In Monroe Race, Mud Is Cast Aside For A Focus On Key Township Issues

Posted: October 26, 1998

MONROE — Compared with the Democratic primary, which resembled a televised pro-wrestling match with all of its name-calling and finger-pointing, the mayoral election here has been uncharacteristically calm.

Republican Jerry Moore, 58, the township councilman who ran uncontested in the primary, said he brings harmony to the table and does not ``get into negativity.''

Democrat Mary Duffy, 57, the former councilwoman who defeated incumbent Jack Luby, her longtime political rival, in a bitter June primary, also claims that mudslinging is not ``her style.''

And for now, at least, the candidates are being true to their word. They are limiting their campaigns to performance and personality. Their slates for Nov. 3, which are wrangling for three open at-large council seats, also have not succumbed to dirty tactics.

Moore, a salesman, husband and father of three, pledges to promote economic growth, use resources efficiently, and improve communication between all governing bodies and residents. Duffy, a former nurse, and a wife and mother of five, plans to focus on tax stabilization, recreational needs and public safety.

In separate interviews last week, Duffy and Moore addressed a number of controversial, key issues that often surface at Town Hall, ranging from a new library to sand mining.

For years, politicians have discussed the need for a new civic center and new public library because the current facilities are too small. Duffy said she wants to put the issue to voters, letting them decide how to finance the construction of these facilities. She proposes using donated materials and volunteers if a suitable location is found.

Moore said the way to finance such a facility is through taxes. ``In order to supplement taxes, we have to get after economic development and economic growth,'' he said. ``We [he and his running mates] have experience with that, and we know how to do that.''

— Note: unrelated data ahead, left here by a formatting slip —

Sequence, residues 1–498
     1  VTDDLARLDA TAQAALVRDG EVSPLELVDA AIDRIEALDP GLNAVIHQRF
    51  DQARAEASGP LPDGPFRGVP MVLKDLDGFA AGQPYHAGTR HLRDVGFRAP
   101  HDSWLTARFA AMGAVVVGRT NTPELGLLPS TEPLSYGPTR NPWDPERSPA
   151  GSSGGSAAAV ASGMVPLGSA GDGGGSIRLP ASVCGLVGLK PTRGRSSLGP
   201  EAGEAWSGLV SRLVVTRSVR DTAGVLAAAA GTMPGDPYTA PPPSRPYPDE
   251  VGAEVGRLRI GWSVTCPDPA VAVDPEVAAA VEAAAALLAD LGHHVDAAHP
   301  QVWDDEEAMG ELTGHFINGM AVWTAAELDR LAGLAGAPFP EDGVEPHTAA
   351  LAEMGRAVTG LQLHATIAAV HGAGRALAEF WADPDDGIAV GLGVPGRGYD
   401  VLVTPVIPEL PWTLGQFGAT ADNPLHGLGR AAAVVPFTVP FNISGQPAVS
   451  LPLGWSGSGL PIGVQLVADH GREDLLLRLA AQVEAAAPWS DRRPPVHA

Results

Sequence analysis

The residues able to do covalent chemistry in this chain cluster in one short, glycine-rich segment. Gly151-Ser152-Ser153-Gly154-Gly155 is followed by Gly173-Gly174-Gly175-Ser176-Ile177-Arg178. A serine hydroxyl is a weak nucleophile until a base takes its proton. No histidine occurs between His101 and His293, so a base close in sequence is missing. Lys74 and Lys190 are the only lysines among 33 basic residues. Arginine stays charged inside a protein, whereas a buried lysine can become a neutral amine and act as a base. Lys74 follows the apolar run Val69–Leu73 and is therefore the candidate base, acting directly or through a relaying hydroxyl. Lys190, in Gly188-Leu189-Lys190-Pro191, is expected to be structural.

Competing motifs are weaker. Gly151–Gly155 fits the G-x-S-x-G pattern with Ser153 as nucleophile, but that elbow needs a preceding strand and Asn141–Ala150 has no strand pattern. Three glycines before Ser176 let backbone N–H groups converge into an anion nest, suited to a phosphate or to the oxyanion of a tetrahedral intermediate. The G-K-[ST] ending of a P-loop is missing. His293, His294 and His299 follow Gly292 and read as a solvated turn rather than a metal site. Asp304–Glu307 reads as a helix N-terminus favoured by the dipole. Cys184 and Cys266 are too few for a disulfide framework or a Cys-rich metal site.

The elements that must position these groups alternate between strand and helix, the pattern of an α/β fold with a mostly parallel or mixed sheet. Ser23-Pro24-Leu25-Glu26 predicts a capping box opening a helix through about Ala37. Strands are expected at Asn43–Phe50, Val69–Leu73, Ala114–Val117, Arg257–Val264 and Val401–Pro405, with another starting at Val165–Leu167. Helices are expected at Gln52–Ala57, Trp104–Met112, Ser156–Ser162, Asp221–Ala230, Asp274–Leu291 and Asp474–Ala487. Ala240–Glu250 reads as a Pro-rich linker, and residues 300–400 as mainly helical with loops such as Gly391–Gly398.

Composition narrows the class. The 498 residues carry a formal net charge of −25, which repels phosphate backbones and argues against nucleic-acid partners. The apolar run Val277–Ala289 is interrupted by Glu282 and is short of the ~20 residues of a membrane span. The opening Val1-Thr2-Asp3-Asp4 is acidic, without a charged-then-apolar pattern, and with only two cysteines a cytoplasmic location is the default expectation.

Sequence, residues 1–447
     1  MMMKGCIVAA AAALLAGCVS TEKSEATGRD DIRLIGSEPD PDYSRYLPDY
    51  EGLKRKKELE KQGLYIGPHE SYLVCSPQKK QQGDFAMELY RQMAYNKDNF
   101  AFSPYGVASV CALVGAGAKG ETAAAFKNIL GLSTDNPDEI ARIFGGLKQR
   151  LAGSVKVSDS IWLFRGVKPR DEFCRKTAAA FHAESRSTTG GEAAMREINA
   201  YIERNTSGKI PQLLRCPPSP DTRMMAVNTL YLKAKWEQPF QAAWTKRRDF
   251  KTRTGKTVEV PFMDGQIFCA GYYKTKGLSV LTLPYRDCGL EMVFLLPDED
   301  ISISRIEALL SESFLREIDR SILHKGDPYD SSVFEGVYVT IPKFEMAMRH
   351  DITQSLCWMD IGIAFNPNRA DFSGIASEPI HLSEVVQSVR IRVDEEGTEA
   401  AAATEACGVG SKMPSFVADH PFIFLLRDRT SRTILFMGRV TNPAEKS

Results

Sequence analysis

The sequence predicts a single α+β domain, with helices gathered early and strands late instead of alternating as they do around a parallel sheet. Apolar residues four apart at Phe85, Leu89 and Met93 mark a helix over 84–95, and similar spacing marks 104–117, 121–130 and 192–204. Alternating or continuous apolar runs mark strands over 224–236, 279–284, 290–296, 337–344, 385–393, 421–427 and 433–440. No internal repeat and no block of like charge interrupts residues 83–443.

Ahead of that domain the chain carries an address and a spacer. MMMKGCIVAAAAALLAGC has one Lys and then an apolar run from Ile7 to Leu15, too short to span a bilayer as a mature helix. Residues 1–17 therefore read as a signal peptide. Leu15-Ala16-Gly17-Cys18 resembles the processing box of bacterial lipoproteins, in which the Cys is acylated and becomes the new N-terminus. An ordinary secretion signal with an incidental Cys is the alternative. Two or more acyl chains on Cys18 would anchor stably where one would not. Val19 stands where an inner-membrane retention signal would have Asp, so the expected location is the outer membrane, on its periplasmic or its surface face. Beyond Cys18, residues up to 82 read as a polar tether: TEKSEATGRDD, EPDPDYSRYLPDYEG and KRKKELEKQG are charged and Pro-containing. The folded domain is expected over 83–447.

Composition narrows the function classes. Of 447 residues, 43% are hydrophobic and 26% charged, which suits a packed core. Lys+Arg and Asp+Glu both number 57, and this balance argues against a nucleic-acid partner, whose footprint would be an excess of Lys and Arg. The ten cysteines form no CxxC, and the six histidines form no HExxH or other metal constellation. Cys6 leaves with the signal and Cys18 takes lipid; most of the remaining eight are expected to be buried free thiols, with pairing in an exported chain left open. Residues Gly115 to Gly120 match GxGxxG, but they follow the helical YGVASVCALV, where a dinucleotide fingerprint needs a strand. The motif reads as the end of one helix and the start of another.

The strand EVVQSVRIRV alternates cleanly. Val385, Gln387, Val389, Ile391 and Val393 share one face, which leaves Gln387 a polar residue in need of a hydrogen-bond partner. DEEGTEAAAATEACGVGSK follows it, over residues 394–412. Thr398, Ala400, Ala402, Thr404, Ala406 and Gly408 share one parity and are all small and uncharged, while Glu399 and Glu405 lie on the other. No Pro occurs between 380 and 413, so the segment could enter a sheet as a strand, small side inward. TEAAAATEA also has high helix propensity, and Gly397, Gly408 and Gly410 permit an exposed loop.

Earlier this month, the Township Council voted to reimburse the school board more than $12,000 for expenses incurred by the youth basketball league, which uses school facilities for practice and games. Moore made the motion for the action at the meeting.

``We don't want to punish 400 youth, and we do not want to see them standing around doing nothing,'' Moore said. ``They need support from the school and the municipal government.''

Although Duffy said the action was admirable, she said she believes it set a dangerous precedent. ``If they do it for one organization, then they're going to have to do it for other organizations that don't have any place to go either and can't afford to do it,'' Duffy said. ``If we had a recreation center of our own, we wouldn't have to put out money upon money.''

Both candidates agree that there is a need for additional fire services in the northwest end of the township. Duffy, again, proposes letting the voters decide whether to start a third fire company or a substation to one of the existing companies.

Moore, however, supports a statute currently being drafted by the ordinance committee. The statute, if approved by the council, would lock Monroe into a five-year contract with all existing emergency management companies and require the township to use only those services.

``I believe strongly that all expansion should be under the flagship of the existing companies,'' Moore said. ``With that flagship, we can have satellite stations in the northwest and in all parts of the community.''

Controversy continues over whether to ban sand mining, which many residents believe endangers wildlife in the Pinelands and creates unnecessary truck traffic along narrow roads. The township currently has three sand mines.

Duffy is adamantly against any more sand mining in the township. ``We have had enough,'' she said. ``We have had our share. Now it is someone else's turn.''

Moore said that he was not in favor of or against sand mines, saying that the Planning Board reviews all applications.

``I am not for giving away our township, I can tell you that here and now, but nor am I against working against legitimate business,'' Moore said.

Moore is a 28-year-resident of Monroe who was elected to a four-year term in 1994. His slate includes Councilman Bill Collins, a former Philadelphia police officer; Bob Orr, a Woodbury attorney; and Nancy Caruso, director of constituent services for Sen. John Matheussen.

Duffy is a former eight-year council member who lost to incumbent Jack Luby in the 1994 and 1996 Democratic primaries. Her slate includes David Cornell, an engineer for Boeing Co. in Ridley Park; Kathleen ``Carino'' Simon, a teacher for Whitehall Elementary School; and Len Dramesi, owner of a local catering business.

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